Learn Chinese word radical – Feather


Eagle Painting

The word 羽 (yǔ) consists of a pair of feathers showing the shafts and a couple of the barbs on the vanes. In everyday speech, feathers are called 羽毛 (yǔ máo).

Badminton is called 羽毛球 (yǔmáoqiú) because traditionally the shuttlecocks were made with real goose feathers. Badminton bats are called 羽毛球拍 (yǔmáoqiú pāi).

Nǐ dǎ yǔmáoqiú ma?
Do you play badminton?

To keep themselves healthy, birds will preen their feathers several times a day. To keep one’s reputation intact, a person would mind his conduct and dealings. This is referred to as 爱惜羽毛 (àixī yǔmáo).

他太爱惜羽毛, 因此做事过于谨慎.
Tā tài àixī yǔmáo, yīncǐ zuòshì guòyú jǐnshèn.
He cares too much about his reputation, so that he is too cautious in doing things.

Whereas the 羽 (yǔ) radical is shown completely in the Traditional Chinese word 習 (xí), the Simplified Chinese version of the word is reduced to just one feather, 习 (xí).

习 (xí) originally describes how birds fly back and forth repeatedly. The meaning has been extended to refer to repeating certain actions, as in practicing something or having a habit.

学习 (xuéxí) means to learn, and 见习 jiànxí means to train on the job. To study on your own is 自习 (zìxí), and 练习(liànxí) is to practice.

不管你学什么, 多多练习是很重要的.
Bùguǎn nǐ xué shénme, duōduō liànxí shì hěn zhòngyào de.
Regardless of what you study, it is important to practice a lot.

As a noun, 习惯 (xíguàn) is a habit. As a verb, it means to be accustomed to something. 坏习惯 (huài xíguàn) is a bad habit, and 恶习 (èxí) is a vice.

这里经常下雨, 我们已经习惯了.
Zhèlǐ jīngcháng xià yǔ, wǒmen yǐjīng xíguàn le.
It rains often here, and we are accustomed to it.

Here is another way to put it, using a four-character Chinese idiom:

这里经常下雨, 我们早就习以为常.
Zhèlǐ jīngcháng xià yǔ, wǒmen zǎo jiù xíyǐwéicháng.
It rains often here, and we’ve been accustomed to it since long ago.

The formal word for wings is 翼 (yì). In every day speech we call wings 翅膀 (chìbǎng). The 羽 (yǔ) radical features prominently in both words.

小心翼翼 (xiǎoxīnyìyì) means with great care, or cautiously.

不翼而飞 (bù yì ér fēi) is a commonly used Chinese idiom that means to disappear all of a sudden (taking off without wings).

如虎添翼 (rúhǔtiānyì) refers to redoubled power, like a tiger that has grown wings.

有了一百辆坦克车加入他强大的阵容, 这将是如虎添翼.
Yǒule yībǎi liàng tǎnkè chē jiārù tā qiángdà de zhènróng, zhè jiāng shì rúhǔtiānyì.
With a hundred tanks joining his powerful battle array, this will be like a tiger with wings.

Following are a few more commonly used words that include the 羽 (yǔ) radical.

翔 (xiáng) is to circle in the air. This word is made up of the character for goats and a pair of feathers. 飞翔 (fēixiáng) is to fly and 滑翔 (huáxiáng) is to glide in the air. The glider aircraft is called a 滑翔机 (huáxiángjī).

Hǎojiǔ méi kàn dào huáxiángjīle.
I haven’t seen a glider for a long time.

扇子 (shànzi) are handheld fans, while 电风扇 (diàn fēngshàn) or 电扇 (diànshàn) are electric fans. Fans made with real feathers are called 羽毛扇 (yǔmáo shàn).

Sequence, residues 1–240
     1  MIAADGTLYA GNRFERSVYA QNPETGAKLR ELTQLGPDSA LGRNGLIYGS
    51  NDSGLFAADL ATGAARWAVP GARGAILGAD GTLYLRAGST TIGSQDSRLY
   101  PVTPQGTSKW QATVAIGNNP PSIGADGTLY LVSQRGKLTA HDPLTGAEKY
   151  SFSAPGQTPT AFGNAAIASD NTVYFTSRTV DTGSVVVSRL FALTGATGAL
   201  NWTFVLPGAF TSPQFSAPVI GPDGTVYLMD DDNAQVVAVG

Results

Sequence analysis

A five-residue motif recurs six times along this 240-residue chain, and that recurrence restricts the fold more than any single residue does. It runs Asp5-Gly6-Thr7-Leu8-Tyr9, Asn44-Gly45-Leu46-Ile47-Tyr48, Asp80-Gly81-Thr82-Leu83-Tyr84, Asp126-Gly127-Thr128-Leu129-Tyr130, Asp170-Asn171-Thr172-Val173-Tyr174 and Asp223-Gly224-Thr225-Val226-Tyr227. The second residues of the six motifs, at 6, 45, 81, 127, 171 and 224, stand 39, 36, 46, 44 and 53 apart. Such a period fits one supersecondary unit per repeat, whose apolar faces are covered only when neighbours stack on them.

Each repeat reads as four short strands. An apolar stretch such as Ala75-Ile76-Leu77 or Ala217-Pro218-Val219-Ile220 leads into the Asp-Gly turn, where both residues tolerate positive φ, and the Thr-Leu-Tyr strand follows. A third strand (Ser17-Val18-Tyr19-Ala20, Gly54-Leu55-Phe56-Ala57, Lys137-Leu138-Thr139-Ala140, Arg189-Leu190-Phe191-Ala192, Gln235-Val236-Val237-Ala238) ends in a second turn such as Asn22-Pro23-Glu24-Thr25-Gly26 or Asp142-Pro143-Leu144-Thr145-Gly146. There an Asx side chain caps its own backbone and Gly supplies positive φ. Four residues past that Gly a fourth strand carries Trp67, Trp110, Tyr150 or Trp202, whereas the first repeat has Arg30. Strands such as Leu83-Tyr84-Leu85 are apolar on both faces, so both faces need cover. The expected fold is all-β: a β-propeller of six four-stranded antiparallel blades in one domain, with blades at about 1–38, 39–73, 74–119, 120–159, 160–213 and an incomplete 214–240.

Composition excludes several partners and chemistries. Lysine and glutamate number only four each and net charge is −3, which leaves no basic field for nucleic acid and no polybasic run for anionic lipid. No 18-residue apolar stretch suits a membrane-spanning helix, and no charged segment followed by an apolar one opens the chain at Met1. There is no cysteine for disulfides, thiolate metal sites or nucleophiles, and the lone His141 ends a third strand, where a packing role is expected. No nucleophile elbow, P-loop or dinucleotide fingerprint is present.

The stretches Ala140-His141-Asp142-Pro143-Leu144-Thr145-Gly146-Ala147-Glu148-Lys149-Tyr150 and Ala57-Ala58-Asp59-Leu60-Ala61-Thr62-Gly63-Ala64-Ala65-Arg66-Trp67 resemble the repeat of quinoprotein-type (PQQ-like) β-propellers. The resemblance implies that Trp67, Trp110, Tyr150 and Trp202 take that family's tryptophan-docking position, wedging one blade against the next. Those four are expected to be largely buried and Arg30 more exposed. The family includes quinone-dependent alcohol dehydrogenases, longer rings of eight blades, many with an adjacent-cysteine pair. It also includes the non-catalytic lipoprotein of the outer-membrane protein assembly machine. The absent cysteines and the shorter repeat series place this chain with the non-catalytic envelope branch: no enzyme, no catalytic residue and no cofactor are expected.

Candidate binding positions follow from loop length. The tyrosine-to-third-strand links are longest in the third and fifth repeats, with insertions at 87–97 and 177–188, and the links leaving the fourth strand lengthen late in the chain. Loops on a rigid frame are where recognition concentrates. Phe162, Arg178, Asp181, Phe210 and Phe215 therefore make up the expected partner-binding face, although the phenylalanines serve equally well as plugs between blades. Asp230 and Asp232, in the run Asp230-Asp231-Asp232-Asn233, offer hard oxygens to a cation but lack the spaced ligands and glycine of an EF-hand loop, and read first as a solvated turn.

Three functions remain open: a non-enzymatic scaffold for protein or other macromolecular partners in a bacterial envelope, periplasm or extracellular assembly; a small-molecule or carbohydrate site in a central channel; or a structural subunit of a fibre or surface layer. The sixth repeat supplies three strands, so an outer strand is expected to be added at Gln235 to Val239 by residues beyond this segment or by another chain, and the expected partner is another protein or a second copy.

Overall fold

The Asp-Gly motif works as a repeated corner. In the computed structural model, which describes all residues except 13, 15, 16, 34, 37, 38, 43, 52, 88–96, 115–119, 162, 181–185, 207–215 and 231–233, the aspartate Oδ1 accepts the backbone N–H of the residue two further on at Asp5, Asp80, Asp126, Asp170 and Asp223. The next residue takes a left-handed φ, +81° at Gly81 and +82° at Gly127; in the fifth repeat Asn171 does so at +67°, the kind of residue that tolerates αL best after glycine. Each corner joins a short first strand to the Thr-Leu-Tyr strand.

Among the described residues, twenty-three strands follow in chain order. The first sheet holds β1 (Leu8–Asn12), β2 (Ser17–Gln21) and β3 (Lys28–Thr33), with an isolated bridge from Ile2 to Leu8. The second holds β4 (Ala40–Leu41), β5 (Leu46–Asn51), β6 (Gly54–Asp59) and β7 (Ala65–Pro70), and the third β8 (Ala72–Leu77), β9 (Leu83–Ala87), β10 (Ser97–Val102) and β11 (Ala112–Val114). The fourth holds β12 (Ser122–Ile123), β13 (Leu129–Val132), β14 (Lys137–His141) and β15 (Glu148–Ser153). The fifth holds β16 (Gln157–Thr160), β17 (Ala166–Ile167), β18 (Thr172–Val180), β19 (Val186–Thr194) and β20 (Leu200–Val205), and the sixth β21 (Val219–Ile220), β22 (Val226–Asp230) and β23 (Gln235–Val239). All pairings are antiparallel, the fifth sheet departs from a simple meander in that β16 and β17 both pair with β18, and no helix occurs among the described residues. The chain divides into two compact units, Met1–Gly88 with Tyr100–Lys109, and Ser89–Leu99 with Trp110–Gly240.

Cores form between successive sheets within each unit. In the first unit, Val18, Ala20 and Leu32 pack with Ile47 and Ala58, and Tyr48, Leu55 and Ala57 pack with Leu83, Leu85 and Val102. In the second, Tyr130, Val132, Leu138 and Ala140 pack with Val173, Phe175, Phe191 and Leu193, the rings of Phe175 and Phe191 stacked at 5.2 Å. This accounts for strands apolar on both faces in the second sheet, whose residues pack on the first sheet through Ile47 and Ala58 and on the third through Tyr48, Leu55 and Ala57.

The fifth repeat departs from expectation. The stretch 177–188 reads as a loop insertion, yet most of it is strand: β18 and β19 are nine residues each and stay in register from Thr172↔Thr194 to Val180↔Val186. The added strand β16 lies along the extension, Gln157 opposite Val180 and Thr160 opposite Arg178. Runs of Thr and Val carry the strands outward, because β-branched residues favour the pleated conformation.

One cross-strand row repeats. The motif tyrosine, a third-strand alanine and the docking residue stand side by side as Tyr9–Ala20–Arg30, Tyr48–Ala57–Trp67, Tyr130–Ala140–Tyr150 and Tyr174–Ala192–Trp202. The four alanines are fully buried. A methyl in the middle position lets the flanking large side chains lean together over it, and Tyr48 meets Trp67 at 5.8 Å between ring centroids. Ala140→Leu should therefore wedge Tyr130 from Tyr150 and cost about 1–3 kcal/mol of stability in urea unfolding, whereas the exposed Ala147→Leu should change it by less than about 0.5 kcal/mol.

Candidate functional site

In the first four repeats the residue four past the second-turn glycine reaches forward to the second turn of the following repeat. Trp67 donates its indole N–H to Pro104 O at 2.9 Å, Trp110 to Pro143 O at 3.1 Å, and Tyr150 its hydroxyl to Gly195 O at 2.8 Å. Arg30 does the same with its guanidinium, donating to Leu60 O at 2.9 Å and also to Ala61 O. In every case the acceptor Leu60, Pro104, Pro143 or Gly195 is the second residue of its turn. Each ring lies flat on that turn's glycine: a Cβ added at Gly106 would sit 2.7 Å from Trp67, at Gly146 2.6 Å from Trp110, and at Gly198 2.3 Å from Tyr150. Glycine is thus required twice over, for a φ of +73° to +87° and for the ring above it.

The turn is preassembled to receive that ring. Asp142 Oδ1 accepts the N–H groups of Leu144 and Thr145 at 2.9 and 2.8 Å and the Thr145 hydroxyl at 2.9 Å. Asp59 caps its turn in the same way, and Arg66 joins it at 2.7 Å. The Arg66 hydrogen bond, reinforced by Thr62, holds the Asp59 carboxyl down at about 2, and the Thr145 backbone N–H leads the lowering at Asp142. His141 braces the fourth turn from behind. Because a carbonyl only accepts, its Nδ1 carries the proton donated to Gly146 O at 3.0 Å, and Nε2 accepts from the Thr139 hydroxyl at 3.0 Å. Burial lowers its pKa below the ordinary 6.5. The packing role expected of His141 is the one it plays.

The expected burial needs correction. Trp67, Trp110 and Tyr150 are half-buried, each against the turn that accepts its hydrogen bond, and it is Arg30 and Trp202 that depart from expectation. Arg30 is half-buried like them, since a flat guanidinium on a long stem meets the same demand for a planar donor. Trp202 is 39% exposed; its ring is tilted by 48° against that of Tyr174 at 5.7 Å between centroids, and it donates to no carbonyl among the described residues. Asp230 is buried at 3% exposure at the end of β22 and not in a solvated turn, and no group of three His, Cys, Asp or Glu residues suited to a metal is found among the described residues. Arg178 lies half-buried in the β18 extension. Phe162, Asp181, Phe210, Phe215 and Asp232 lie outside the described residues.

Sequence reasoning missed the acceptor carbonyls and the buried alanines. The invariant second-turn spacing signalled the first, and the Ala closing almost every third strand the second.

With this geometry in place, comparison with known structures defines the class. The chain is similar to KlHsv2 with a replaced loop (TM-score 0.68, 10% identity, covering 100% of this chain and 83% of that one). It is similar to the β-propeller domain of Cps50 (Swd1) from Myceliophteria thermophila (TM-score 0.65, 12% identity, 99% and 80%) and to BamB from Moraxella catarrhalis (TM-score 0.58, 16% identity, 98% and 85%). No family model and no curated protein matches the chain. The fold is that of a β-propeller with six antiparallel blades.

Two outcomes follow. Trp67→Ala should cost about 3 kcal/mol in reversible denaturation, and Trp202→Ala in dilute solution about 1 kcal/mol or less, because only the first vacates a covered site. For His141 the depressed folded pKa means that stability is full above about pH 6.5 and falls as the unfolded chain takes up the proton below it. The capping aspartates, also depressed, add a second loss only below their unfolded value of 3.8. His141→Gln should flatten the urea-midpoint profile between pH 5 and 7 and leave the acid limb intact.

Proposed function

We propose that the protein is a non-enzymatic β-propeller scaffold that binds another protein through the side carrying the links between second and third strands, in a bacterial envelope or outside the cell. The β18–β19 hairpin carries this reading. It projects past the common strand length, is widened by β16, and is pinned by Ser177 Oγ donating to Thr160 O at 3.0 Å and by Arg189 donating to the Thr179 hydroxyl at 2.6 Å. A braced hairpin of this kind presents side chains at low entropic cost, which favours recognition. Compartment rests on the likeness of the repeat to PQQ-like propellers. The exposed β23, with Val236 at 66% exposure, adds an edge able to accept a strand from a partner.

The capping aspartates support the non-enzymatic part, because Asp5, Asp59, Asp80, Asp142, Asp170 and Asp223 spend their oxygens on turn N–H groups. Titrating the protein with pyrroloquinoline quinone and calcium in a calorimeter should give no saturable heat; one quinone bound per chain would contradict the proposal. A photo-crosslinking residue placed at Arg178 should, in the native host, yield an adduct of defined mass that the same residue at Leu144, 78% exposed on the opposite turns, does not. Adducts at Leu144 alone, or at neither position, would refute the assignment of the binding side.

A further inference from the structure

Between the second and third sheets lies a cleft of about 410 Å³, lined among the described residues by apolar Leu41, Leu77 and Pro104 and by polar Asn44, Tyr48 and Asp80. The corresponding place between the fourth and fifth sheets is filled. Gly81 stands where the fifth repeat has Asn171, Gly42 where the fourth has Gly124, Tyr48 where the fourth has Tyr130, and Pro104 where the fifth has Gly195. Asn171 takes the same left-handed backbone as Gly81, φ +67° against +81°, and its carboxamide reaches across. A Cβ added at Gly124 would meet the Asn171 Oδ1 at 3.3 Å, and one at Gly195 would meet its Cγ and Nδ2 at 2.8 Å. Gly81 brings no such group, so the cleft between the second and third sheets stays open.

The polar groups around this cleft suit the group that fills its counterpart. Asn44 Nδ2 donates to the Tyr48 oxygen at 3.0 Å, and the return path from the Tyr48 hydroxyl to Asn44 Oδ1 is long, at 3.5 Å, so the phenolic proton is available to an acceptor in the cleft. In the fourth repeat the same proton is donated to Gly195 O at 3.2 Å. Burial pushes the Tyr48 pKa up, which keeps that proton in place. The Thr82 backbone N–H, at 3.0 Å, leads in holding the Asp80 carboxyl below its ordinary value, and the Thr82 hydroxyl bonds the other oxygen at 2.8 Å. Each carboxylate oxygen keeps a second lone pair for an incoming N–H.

煽动 (shāndòng) is to incite. Notice how the word 煽 (shān) also takes on the fire radical.

翁 (wēng) and 老翁 (lǎowēng) refer to men or old men. A millionair is called a 百万富翁 (bǎi wàn fùwēng).

When speaking of someone with an ulterior motive, you could say,

Zuì wēng zhī yì bùzài jiǔ.
The old tippler’s heart is not in the cup.

蹋 (tà) is to stamp one’s foot or to step on something. 糟蹋 (zāotà) is to spoil, waste, wreck something, or to abuse someone.

把碗里的食物吃完, 不要糟蹋东西.
Bǎ wǎn lǐ de shíwù chī wán; bùyào zāotà dōngxi.
Finish eating the food in the bowl; don’t waste things.

With the “soil” radical on the left side, 塌 (tà) means to collapse. Therefore, 倒塌 (dǎotā) means to collapse or to topple down. 一塌糊涂 (yītāhútú) means a whole mess, and 死心塌地 (sǐxīntādì) means to have one’s heart set on or to be hell-bent on doing something.

分开了50年, 她依然死心塌地的爱着他.
Fēnkāi le wǔshí nián, tā yīrán sǐxīntādì de àizhe tā.
After 50 years of separation, she still loves him with all her heart.

摺 (zhé) is to fold. 摺紙 (zhézhǐ) means folding paper, or origami.

寥 (liáo) means few. 寥寥无几 (liáoliáo wújǐ) is an idiom that means very few.

翡翠 (fěicuì) is jade. 翠绿 (cuìlǜ) is emerald green.

翻 (fān) means to turn over. 翻滚 (fāngǔn) is to tumble. 翻车 (fānchē) refers to the rollover of a vehicle.
天翻地覆 (tiānfāndìfù) is an idiom describing total confusion and chaos, or being topsy-turvy.

翻脸 (fānliǎn) or 闹翻 (nào fān) means to have a fall out with someone and no longer be friendly with that person.

Tāmen wèile zhēngduó nǚyǒu ér nào fān le.
They fell out fighting over the same girlfriend.

翻译 (fānyì) means to translate from one language to another.

推翻 (tuīfān) means to overthrow or to overturn.

翻山越岭 (fān shānyuè lǐng) is a Chinese idiom describing an arduous journey climbing over many mountains.

廖 (liào) is a Chinese surname. This word is the answer to an interesting riddle you can find in Chapter 24 of “Learn Chinese through Songs and Rhymes“.